Late in 1990, while having a few drinks at their moribund assembly plant, the remaining Jeep Australia employees where trying to think of a new project to keep them busy.
In the preceding twelve months, they had successfully converted twenty-five new, full-sized Grand Wagoneers to right-hand drive. The Wagoneers were snapped up by customers who had been starved of Jeep product since the assembly-side of the Brisbane plant had been shut down in 1985. But the recent announcement (from Chrysler), that the Grand Wagoneer days were over, meant that similar projects were not possible.
From the remnants of the new parts stock, they knew they could put together one last truck. However, there was a problem. While they had a J27 cab, and all the mechanical components, there were no style-side panels to make the rear half of the vehicle.
Then one of the staff members had a brainwave. Why not try to fit the pickup tray from the military-spec CJ10? It didn’t take long for the guys to work out how it could be done. The CJ10 tray was too short and narrow for the J27 chassis; but if they substituted a CJ10 chassis, handcrafted wider fenders to the sides of the tray, and used the wide-track axle housings designed for the full-sized Cherokee Chief, hopefully, everything would fit.
Almost instantly, the components began to resemble one helluva truck. Even though the styling of the cab was completely different to the modified pickup tray, it was easy to see the vehicle was going to have a very ‘eat-my-dust’ personality. Being somewhere between a CJ10 and a J20, it was instantly nicknamed ‘The J15’.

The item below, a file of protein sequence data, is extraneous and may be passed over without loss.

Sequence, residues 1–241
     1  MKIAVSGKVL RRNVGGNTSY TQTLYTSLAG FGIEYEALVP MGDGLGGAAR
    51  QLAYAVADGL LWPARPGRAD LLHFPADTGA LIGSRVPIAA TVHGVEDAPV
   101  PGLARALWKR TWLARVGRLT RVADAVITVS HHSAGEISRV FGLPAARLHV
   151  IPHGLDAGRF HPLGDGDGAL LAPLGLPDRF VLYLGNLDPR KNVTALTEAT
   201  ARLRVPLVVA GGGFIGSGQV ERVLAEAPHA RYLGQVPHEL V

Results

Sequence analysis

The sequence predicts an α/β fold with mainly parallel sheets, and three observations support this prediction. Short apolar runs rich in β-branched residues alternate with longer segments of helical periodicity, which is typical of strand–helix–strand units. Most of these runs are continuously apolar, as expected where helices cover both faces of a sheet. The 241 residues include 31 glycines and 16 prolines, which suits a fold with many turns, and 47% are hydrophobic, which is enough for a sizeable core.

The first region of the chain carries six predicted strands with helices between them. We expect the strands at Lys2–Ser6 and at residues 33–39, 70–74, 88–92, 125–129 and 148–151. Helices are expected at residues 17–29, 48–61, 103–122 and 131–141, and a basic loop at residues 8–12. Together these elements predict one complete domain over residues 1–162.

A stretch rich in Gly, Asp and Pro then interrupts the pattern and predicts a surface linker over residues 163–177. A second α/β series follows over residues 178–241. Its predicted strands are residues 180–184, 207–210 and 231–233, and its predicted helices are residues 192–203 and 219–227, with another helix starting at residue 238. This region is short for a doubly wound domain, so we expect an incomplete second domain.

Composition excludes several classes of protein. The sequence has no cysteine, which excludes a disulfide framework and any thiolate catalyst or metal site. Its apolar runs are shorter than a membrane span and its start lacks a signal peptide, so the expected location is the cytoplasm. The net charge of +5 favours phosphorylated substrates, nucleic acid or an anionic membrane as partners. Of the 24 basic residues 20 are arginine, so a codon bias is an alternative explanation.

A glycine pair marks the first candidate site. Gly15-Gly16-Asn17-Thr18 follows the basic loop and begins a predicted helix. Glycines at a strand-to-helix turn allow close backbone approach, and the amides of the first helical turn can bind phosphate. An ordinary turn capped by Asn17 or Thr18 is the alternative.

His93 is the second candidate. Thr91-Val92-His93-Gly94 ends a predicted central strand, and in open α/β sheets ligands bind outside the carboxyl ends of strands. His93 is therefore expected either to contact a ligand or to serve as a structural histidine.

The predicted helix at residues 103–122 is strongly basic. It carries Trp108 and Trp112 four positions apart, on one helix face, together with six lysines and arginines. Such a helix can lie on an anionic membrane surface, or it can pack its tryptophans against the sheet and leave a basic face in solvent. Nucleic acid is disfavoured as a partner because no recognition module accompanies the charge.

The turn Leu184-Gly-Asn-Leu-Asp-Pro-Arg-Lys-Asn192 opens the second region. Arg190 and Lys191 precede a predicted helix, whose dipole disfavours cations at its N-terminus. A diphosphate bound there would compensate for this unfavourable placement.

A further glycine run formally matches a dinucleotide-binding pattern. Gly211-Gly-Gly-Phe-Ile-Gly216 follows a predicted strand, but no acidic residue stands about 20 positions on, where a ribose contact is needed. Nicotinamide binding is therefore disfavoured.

Into the truck went a Jeep 360 (5.9L) V8, heavy-duty cooling system, Torqueflite automatic, New Process 208 transfer case, 4.09 diff ratios, and a limited-slip in the rear axle. The cabin was fitted out with a Grand Wagoneer instrument panel, tan Cherokee Chief trim, deep-pile carpet, tilt-adjust column, leather steering wheel and a T-bar shifter in a centre console. And an all-black paint job added a touch of evil.
The boys at Sydney Jeep (now 4WD1) saw the truck before it was finished and made Jerzy Stanley at Jeep Australia an offer he couldn’t refuse.
Once in their hands, the J15 was upgraded with 33” Goodyears, a full Rancho suspension with RS9000s hooked up to an In-Cab controller, front and rear driving lights, CB, phone, 115-litre auxillary fuel tank and a K&M shifter to replace the troublesome Mustang unit that was fitted to all 1981-on RHD full-sized Jeeps. Later, a Dodge ‘light pod’ was added to roof. With the extra-wide track, and on-road stiffness easily controlled by the Ranchos, it was found that the front sway-bar could be permanently removed - without affecting on-road handling.
Off road, the Jeep proved to be an extremely effective machine. The combination of the Rancho bits, the flexible chassis (made more so due to the cab being separate from the pickup tray) and no sway-bar, allowed the truck to cover ground that thwarted lesser vehicles. At the 1992 Mount Seaview Jeep Jamboree, the J15 was the first 4WD (of any make) to conquer the hill climb without using fully-lockable diffs.
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